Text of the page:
Hooray! Happy New Year!!! 新年快乐 (xīn nián kuài lè)!
So, you may ask, what do we do for Chinese New Year? Well I’m glad you asked. First of all, everyone travels to visit their family, on trains, planes, buses, etc. (In China it’s seen as totally normal to take a 24-hour train ride if one’s hometown is that far away. I think most Americans wouldn’t even consider that an option- if it’s that far, you fly, obviously.) Anyway, the trains and everything are super-crowded.
People go see their family and have a big meal together. It’s traditional to make dumplings (饺子 (jiǎo zi) in northern China and 团子 (tuán zi) in southern China).
|饺子 (jiǎo zi). Image source.|
|团子 (tuán zi). Image source.|
The date of Chinese New Year is based on the lunar calendar, so it’s different from year to year- it falls somewhere in January or February. This year it’s January 31, so January 30 is the big night when everyone stays up late for the new year. There’s a tv show called 春晚 (chūn wǎn) (the full name is 春节联欢晚会) which is the equivalent of “New Year’s Rockin’ Eve”- it has singing, skits, magic tricks, and all kinds of entertaining things.
Some people also play 麻将 (má jiàng), which we usually write as “mah jong” in English for some reason.
|Playing 麻将 (má jiàng). Image source.|
And the fireworks (鞭炮 biānpào) (or maybe this should be translated "firecrackers"? I'm not sure). You hear them from time to time during the days close to the new year (like, during the day. Or night. Whenever.) but the biggest bunch of fireworks happens at midnight. People just buy fireworks and blow them up on the sidewalk outside their apartment- which is probably highly illegal in America. And most of them only make a loud sound, no cool colors or lights or anything.
|Wal-mart was all decked out for the new year.|
And let’s talk about the decorations. First of all, it’s China, so everything is red. You see red lanterns hanging everywhere. They’re not real lanterns though, just decorative.
And the Chinese character 福 (fú). It means happiness and good fortune, and dude, you see this character on the Spring Festival decorations everywhere.
|Decorations with the character 福 (fú) for sale. Also fish decorations.|
|福 (fú) upside-down.|
Why upside down? Well because in Chinese, 福倒了 (fú dào le), “fu is upside-down,” is pronounced the same as 福到了 (fú dào le), “happiness has come.” It’s a giant pun with a holiday based around it, you guys.
There are also a lot of fish decorations. Apparently “fish” (鱼 yú) is pronounced the same as “surplus” (余 yú). So people say “年年有余 (nián nián yǒu yú),” which means “every year have more than you need” (or “every year have fish” if you’re into puns).
Parents give their children 红包 (hóng bāo), a red envelope with money in it. (Apparently this continues until the kid is considered an adult- maybe when they turn 18, or get a job, or get married- it could be different for each family.) Adults also give 红包 (hóng bāo) to their friends’ and relatives’ kids. The amount of money in the 红包 (hóng bāo) ranges from maybe 200 Chinese RMB (about $30 in US dollars) to 2000 RMB ($300). You would give a lot of money to your own kids and just a little to kids of acquaintances you don’t know well.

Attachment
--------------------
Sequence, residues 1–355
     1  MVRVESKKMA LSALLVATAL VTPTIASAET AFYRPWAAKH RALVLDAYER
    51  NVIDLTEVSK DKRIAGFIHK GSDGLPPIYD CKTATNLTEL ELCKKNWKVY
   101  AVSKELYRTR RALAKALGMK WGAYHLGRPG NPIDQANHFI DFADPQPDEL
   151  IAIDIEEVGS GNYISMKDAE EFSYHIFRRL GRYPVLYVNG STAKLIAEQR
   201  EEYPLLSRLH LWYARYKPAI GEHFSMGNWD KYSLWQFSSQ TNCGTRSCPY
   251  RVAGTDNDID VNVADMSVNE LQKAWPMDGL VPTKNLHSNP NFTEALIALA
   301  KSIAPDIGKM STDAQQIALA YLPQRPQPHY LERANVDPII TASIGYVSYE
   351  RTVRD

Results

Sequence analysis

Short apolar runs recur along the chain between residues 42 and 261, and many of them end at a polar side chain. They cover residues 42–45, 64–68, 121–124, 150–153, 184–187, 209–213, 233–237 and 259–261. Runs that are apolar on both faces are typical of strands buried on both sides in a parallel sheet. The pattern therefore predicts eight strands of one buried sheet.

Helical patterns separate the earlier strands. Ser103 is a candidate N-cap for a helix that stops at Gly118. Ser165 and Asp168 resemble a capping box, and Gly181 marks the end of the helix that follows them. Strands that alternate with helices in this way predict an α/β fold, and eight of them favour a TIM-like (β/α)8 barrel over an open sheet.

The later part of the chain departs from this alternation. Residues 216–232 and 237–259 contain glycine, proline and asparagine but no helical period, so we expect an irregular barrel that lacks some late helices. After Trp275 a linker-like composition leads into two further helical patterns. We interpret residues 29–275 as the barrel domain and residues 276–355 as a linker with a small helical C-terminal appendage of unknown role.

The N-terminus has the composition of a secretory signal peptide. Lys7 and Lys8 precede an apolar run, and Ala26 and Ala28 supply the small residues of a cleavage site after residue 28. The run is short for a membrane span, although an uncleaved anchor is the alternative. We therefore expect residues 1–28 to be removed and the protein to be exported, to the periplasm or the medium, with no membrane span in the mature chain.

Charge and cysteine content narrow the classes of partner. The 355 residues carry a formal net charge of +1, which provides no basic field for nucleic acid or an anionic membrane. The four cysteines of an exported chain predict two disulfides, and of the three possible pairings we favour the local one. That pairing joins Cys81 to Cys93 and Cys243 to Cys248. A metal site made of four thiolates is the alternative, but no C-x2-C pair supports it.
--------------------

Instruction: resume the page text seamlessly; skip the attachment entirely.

So yes, kids get 红包 (hóng bāo). But other than that, people don’t give each other gifts- which really surprised me, because everybody in China always says Spring Festival is comparable to Christmas in America. Because it’s the biggest holiday and people travel to see their family. But no gifts. What.
I mean obviously if you go to someone’s house to eat, you bring a gift, but that’s just regular Chinese culture, not a new year tradition.
2014 is the year of the horse. Every year has one of the 12 animals of the Chinese zodiac, which is as follows:
马 (mǎ) – horse – 2014, 2002, 1990, 1978, 1966, 1954, 1942, 1930, ...
羊 (yáng) – goat – 2003, 1991, 1979, 1967, 1955, 1943, 1931, ...
猴 (hóu) – monkey - 2004, 1992, 1980, 1968, 1956, 1944, 1932, ...
鸡 (jī) – chicken – 2005, 1993, 1981, 1969, 1957, 1945, 1933, ...
狗 (gǒu) – dog – 2006, 1994, 1982, 1970, 1958, 1946, 1934, ...
猪 (zhū) – pig – 2007, 1995, 1983, 1971, 1959, 1947, 1935, ...
鼠 (shǔ) – rat – 2008, 1996, 1984, 1972, 1960, 1948, 1936, ...
牛 (niú) – ox – 2009, 1997, 1985, 1973, 1961, 1949, 1937, ...
虎 (hǔ) – tiger – 2010, 1998, 1986, 1974, 1962, 1950, 1938, ...
兔 (tù) – rabbit – 2011, 1999, 1987, 1975, 1963, 1951, 1939, ...
龙 (lóng) – dragon – 2012, 2000, 1988, 1976, 1964, 1952, 1940, ...
蛇 (shé) – snake – 2013, 2001, 1989, 1977, 1965, 1953, 1941, ...
Find the year you were born to find out what your animal is. (Although if you were born in January or February, better double-check because we’re using the lunar calendar here and it doesn’t exactly line up.)
If you mention your age, Chinese people will be like, “oh so your animal is the rabbit” or whatever. People just know this stuff offhand.
So in December I started seeing horse decorations everywhere, and I’m like, “we’re about to celebrate the year of the horse, aren’t we?” Seriously. Everywhere, everything is a horse.
|Well, all the advertising has horses, anyway.|
And here’s another Chinese pun: 马上 (mǎ shàng) means “right away,” but if you translate it literally it means “on a horse.” So people are making a lot of jokes about putting money on a toy horse and announcing “马上有钱！ (mǎshàng yǒu qián)” which means either “there’s money on the horse” or “I’m about to get money!”
(Look at the above image. On the horse it says "马上‘得福’(mǎ shàng dé fú)" which means "Dove on a horse" or "we're about to have Dove chocolates!" or "we're about to have happiness and good fortune" (depending on how literally you translate the characters in the Chinese name for Dove chocolate).)
Happy year of the horse, everyone! 马年快乐 (mǎ nián kuàilè)！ May you be healthy and happy all year, and may everything go well with you. Wishing you and your family a fantastic new year!